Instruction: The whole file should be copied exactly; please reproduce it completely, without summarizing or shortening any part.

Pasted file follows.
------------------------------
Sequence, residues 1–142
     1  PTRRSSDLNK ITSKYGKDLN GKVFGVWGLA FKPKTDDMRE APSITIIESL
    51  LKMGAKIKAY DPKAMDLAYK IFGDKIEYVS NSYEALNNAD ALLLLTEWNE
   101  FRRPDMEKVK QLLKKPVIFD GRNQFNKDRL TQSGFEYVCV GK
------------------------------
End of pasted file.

Sequence, residues 1–142
     1  PTRRSSDLNK ITSKYGKDLN GKVFGVWGLA FKPKTDDMRE APSITIIESL
    51  LKMGAKIKAY DPKAMDLAYK IFGDKIEYVS NSYEALNNAD ALLLLTEWNE
   101  FRRPDMEKVK QLLKKPVIFD GRNQFNKDRL TQSGFEYVCV GK